Out of the blue, they told me that Grandpa was coming the next day, and I never ever knew I had a grandfather.
How could they have kept such a secret from me? I figured he must have vanished somehow - though I didn't say so. Apparently a person could disappear just as easily as your favorite toy and then show up when you least expected it, after you'd lost all hope.
He vanished years ago and my father went to America to bring him back. After six months, Daddy returned with a brand-new grandpa and a green used car named Plymouth. Nobody else on our street owned a car. Nobody had a gas stove, either. In our kitchen, of course, we had only a kerosene stove that smelled of smoke, so after each meal, we had to put it out on the porch to air.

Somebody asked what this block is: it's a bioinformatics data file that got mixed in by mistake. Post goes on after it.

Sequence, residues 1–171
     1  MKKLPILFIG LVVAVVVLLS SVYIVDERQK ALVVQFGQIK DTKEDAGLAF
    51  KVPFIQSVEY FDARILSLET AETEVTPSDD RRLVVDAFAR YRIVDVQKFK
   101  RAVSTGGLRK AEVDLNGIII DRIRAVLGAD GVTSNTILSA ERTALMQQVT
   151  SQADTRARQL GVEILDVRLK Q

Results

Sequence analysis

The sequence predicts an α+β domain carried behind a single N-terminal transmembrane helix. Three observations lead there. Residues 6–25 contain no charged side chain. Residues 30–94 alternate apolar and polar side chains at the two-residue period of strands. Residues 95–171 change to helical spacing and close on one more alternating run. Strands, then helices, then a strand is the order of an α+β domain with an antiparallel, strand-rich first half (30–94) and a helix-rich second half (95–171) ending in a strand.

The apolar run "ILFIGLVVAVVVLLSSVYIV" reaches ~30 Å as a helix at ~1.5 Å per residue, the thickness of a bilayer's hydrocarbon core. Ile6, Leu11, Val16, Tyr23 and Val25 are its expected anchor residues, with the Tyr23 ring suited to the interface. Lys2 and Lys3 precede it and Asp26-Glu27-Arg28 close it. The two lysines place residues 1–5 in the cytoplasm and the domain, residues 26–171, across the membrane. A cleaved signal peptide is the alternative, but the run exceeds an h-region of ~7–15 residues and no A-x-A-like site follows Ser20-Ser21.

Not that I was the only girl around with a grandpa. Grandpas were common. But I alone possessed a father with a car. The kids in my neighborhood saw me differently now. They actually called me by my real name, instead of stretching it to "Gershona-Shona - which in Hebrew meant "Gershona the different. And for one week they stopped calling me "Gershona Primadonna".

Translation from Hebrew by Seymour Simckes

Seymour Simckes, a translator of major Hebrew language fiction writers, is also a novelist and playwright. Dr. Simckes has taught at several universities in the United States. He lives in Brookline, Massachusetts

Nava Semel on the bank of the Yarkon River, Tel Aviv 1960.


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